Not an Adult Argument, Prof. vs. Press

Can You Hear Me Now?: In a debate that stuck mostly to difficult issues, Republican Presidential candidates split sharply last night on what to do about illegal immigration, with Jeb Bush and John Kasich taking on Donald Trump’s pledge to deport 11 million people. “Come on, folks, we know you can’t pick them up and ship them across the border. It’s a silly argument. It’s not an adult argument,” Kasich said.

Texas Sen. Ted Cruz said illegal immigration is taking jobs from native-born Americans. “I will say the politics of it will be very, very different if a bunch of lawyers or bankers were crossing the Rio Grande,” Cruz said.

Most of their positions are standard Republican fare; lower taxes, smaller government, increased defense spending. Frontrunner Donald Trump mostly disappeared from the conversation when it got deep into numbers and policies. Several candidates spoke as if they are already running against Democrat Hillary Clinton.

Florida’s Marco Rubio made an early run for “most quotable” saying about education reform, “Welders make more money than philosophers. We need more welders and less philosophers.”

The Minimum: New York’s Gov. Andrew Cuomo announced plans to skirt his legislature and order a $15 minimum wage for all state workers. Amidst a national movement begun by fast-food workers, New York would be the first state to do so.

Several Republican candidates, by the way, said last night they are against the $15 minimum wage.

Cuomo plans to phase in the raise, getting to $15 in New York City by the end of 2018. Workers outside the city would get to $15 by the end of 2021.

Good Bet: The New York State attorney general yesterday ordered the popular fantasy sport websites DraftKings and FanDuel to stop accepting bets in New York. Some states are beginning to look at online fantasy sports that pay money to winners as a form of illegal gambling. Attorney General Eric Schneiderman said “It is clear that DraftKings and FanDuel are the leaders of a massive, multibillion-dollar scheme intended to evade the law and fleece sports fans across the country.”

Nation: A business jet believed to be carrying nine people crashed into a small apartment building in Akron, Ohio yesterday, killing everyone on board. There’s no word yet on the cause and who the passengers were.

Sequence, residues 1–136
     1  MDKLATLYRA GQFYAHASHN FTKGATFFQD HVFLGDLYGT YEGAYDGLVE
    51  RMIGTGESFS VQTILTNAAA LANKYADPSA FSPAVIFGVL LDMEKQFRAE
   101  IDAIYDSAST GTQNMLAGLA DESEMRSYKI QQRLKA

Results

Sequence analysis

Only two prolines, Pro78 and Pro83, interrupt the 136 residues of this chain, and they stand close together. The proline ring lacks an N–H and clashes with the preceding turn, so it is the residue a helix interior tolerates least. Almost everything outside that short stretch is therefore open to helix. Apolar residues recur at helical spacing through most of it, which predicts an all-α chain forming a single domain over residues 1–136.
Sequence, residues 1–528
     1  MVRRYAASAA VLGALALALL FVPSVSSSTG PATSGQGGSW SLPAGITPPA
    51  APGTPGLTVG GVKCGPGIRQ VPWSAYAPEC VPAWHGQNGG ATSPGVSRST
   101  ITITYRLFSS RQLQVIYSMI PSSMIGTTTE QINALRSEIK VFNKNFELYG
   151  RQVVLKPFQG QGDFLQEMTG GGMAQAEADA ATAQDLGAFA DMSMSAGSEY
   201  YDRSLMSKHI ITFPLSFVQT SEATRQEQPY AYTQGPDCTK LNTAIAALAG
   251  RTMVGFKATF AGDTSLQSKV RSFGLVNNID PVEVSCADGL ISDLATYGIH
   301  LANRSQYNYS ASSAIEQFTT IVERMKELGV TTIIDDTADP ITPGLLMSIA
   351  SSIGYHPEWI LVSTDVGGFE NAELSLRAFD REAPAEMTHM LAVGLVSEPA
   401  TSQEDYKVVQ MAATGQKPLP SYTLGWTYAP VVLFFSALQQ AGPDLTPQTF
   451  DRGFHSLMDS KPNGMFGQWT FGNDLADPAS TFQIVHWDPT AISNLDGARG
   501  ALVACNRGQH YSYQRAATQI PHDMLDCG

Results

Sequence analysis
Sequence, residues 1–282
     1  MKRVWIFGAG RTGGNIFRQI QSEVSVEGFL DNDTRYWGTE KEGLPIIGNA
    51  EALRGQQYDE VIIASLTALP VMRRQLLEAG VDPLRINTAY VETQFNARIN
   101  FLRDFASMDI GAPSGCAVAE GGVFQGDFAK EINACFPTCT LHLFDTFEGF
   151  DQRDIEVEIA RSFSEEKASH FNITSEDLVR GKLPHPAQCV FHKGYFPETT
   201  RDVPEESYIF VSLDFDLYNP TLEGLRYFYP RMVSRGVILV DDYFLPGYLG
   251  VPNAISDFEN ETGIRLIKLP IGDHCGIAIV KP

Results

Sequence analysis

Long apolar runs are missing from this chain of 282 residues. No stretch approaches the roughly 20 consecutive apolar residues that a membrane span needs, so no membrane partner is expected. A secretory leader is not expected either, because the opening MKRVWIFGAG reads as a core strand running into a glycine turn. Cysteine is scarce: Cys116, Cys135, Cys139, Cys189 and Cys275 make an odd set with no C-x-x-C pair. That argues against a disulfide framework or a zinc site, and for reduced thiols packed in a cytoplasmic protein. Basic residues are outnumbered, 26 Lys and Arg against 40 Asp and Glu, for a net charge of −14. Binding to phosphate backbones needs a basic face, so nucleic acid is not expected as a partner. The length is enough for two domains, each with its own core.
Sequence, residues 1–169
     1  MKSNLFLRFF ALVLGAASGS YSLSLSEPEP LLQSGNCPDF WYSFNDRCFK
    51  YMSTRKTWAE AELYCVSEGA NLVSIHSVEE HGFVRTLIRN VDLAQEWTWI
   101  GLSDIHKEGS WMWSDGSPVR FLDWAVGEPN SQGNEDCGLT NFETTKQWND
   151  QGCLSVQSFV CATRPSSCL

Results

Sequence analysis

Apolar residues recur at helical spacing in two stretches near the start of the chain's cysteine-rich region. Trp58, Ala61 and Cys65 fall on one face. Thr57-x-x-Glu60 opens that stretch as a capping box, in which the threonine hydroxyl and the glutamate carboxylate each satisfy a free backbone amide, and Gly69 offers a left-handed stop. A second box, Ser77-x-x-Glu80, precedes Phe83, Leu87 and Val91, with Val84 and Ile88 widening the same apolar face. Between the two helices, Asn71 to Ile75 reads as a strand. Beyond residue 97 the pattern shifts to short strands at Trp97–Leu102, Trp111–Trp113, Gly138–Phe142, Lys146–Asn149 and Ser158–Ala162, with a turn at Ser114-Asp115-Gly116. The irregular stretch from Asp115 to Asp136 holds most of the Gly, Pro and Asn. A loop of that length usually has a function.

Mass Communicated: A University of Missouri communications teacher last night resigned from her relationship with the journalism department after she was videotaped attempting to stop a student reporter from doing his job during a student demonstration. Melissa Click was not a journalism professor but was in a position to review the graduate theses of journalism students.

Earlier this week student Mark Schierbecker had filmed a long confrontation between a student photographer named Tim Tai and a group of protesters who didn’t want their picture taken while they were protesting in a public space. Tai had insisted that the same First Amendment that protected their right to demonstrate protected his right to take their picture … and it does.

Tai was violating the current student orthodoxy of demanding “safe space” to protect themselves from things that might unsettle them.

Gently but forcefully, the students pushed Tai away. Schierbecker then turned to Click to ask some questions on video. He said, “I’m media can I talk to you?” She said, “No, you need to get out.” When he replied, “I don’t,” she then turned and shouted, “Hey who wants to help me get this reporter out of here? I need some muscle over here!”

Click is the chair of the university’s Student Publications Committee, which oversees the school newspaper and yearbook. In other words, she’s the guardian of the school’s free press.

The Menu: France cancelled a state dinner with President Francois Hollande and Iranian President Hassan Rouhani because the Iranians insisted that the French would not serve wine. While trying to stick to their religious diet, the Iranians demanded what amounts to sacrilege in France; dinner without wine.


Sunday, February 18, 2018

Page Two

Jaw Meet Floor

Wednesday, January 25, 2017

The Small President

Thursday, December 15, 2016

The Cuba Diaries

Sunday, March 13, 2016

An Alphabet of Maladies

Friday, February 26, 2016

The Healthcare Confusion Act

Thursday, January 7, 2016

Freedom from Speech

Wednesday, November 11, 2015

Too Big to Fire

Friday, June 19, 2015

More Probable Than Not

Thursday, May 14, 2015

It's Been Said

" 'The enemy of the people,'" was what the president of the United States called the free press in 2017 ... It is a testament to the condition of our democracy that our own president uses words infamously spoken by Josef Stalin to describe his enemies. It bears noting that so fraught with malice was the phrase 'enemy of the people,' that even Nikita Khrushchev forbade its use, telling the Soviet Communist Party that the phrase had been introduced by Stalin for the purpose of 'annihilating such individuals' who disagreed with the supreme leader."
Arizona republican Sen. Jeff Flake speaking on the floor today.

Leave a Reply

Your email address will not be published. Required fields are marked *